There’s ‘must’, too, as in ‘something must be done to’ – and ‘warn’ – if you take the BBC RSS feed you’ll be warned about 100 times per day.

    I am with AK and Stonyground, except that I sincerely hope that people such as Bruce Neal and Rob Moodie live forever – literally.

    Has it struck anybody else that this wowserism is a form of infantalism? I know that my life is finite, and no matter how many mung beans someone like Sally Casswell might like to have forced down my throat, the body and mind continue to degrade (and Professor Casswell’s face is testament to that).

    The modest riches I accumulated during my halcyon years will degrade too, when my career reaches its use-by date. Alas, I am not paid to splunk out ‘public health policy’. I failed the Gauleiter exam so I make widgets instead. Chinamen are very good at making widgets. So we get Chinese widgets and home-grown lunatics to tell us how to live – and if we may die.

    Their ‘skills’ such as they are, are superfluous.They know that. That’s why ‘thousands could die’ if they – not Rambo, not St George, not Siegfried – did not come to the rescue. Their ‘could die’ report is their money shot.

    These people, who detest the people who serve them in shops (since, after all, they are burger-scoffing, binge-drinking smokers who did not get a 1:1 in Sociology), are not fit to lick the mud from that cashier’s JJB’s-purchased Nikes. I choose to go to a supermarket. I don’t choose to pay somebody with a mouth like a cat’s bum to tell me what I may do.

    And, when they wake up every morning in their nursing home, squelching in their own filth, expecting to be cleaned up by a nursing aide who’s very poorly paid, they’d best mind their manners and thank the Lord for another joyous day of precious life. That’s one person who could have died, and wants to die, but can’t.

    I hope that someone won’t let them.

  4. February 13, 2013 at 4:12 am

    But what’s the point of living longer, if all you’ve got to look forward to in your last days is the notorious ‘Liverpool care pathway’?

  5. February 13, 2013 at 9:25 am

    Allegedly I have a bit too much cholesterol in what is left of my blood, the Doc reckons that if I give up the fags and salt and any other thing I enjoy eating or drinking I could live an extra ten years, to which I replied “I don’t want to live an extra ten years, I am knackered enough now, why should I want to exist in misery with a decomposing body when I can go out with a smile on my face?”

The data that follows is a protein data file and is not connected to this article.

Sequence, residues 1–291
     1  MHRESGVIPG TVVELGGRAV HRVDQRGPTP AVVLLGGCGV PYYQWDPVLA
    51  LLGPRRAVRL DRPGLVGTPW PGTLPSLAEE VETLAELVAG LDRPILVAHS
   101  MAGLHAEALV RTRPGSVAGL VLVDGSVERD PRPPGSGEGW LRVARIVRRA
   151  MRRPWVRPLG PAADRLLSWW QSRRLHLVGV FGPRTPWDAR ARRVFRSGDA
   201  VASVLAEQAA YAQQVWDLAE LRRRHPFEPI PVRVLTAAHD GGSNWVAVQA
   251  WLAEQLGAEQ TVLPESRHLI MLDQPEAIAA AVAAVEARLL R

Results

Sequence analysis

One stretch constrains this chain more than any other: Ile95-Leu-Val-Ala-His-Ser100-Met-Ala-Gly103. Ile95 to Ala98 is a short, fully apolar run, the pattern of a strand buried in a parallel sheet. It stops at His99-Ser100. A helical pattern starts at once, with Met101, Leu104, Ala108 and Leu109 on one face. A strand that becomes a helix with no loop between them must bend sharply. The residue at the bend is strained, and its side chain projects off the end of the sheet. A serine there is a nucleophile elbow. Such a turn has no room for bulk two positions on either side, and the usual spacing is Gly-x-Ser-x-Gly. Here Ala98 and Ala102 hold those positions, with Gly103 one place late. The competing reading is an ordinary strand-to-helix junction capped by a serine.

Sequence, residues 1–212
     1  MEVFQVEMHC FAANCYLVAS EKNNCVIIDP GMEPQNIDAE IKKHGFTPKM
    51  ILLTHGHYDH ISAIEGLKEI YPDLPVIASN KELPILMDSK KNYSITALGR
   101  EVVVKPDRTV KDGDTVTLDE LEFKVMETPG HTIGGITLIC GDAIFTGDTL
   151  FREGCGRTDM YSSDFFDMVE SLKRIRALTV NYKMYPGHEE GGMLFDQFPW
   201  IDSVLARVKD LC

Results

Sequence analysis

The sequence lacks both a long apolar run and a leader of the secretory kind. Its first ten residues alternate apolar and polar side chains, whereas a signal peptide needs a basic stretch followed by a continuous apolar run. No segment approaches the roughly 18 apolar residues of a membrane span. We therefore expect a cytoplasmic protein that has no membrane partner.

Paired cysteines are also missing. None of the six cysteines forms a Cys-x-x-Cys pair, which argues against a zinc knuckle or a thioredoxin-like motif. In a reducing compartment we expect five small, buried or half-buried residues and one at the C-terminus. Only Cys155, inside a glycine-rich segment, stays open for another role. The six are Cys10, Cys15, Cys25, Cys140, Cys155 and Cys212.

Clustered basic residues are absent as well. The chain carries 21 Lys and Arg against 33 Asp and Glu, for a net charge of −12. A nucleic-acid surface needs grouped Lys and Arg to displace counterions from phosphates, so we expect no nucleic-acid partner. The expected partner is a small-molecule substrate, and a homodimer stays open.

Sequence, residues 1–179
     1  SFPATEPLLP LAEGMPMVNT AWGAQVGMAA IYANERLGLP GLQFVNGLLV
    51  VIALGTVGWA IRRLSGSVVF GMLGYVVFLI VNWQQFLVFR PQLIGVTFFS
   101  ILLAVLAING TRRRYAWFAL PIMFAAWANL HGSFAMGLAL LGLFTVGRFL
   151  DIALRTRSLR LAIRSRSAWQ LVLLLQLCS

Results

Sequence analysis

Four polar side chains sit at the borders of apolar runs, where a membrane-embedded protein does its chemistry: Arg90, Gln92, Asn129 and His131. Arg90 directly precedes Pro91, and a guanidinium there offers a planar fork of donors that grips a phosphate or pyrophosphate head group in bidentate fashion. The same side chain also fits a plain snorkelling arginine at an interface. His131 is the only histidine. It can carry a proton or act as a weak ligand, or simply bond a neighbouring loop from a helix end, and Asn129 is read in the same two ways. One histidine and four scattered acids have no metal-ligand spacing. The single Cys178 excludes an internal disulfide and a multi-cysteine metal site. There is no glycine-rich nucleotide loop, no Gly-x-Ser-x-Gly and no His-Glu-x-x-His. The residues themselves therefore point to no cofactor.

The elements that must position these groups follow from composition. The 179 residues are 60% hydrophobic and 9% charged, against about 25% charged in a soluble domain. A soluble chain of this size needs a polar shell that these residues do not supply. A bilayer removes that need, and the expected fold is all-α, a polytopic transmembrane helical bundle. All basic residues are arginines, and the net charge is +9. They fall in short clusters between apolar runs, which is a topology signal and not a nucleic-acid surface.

There was no answer given…

  6. Andrew Duffin
    February 13, 2013 at 9:56 am

    And windmills “could” generate enough power to supply the whole of Scotland.

    According to Salmond.

  7. Matt
    February 13, 2013 at 1:50 pm

    Whether or not salt causes long-term effects on blood pressure (personally I don’t believe it does), how does anybody know what “normal” blood pressure is anyway? Doctors these days seem very keen to tell people their blood pressure is “high”, but compared to what? Given that we don’t all enter into this world accompanied by a data sheet and maintencance manual, presumably the figures the doctors use come from an average of measurements of a sample of people – whose size would be negligible compared to global, or even national, population.

    It’s likely that in selecting the sample they chose people they deemed to be “healthy” (there’s no point trying to deduce a “healthy” average from a sample containing sick people). However if advertised as such this may result in selection bias by discouraging certain people from applying. It is also likely that they rejected the outlying values in the results, deeming them to be measurement errors or “abnormal” individuals. It could just be that certain individuals naturally have significantly higher blood pressure than average, yet are perfectly healthy, but by discounting these from the results the accepted “normal” range band is made narrower.

    And it must be remembered that if they are comparing to an “average” value then roughly half of the population will be over that level automatically. Add to this the fact that many people are somewhat nervous when undergoing medical examinations – leading to temporarily elevated pulse and blood pressure – and it puts serious doubt on the meaningfulness of any doctor’s blood pressure measurement.

    As an engineer I can’t see how taking a single one-off measurement of a parameter which can fluctuate enormously even over the space of minutes (and is affected significantly by taking the measurement) can tell you anything at all meaningful. Perhaps doctors know better but I have my doubts.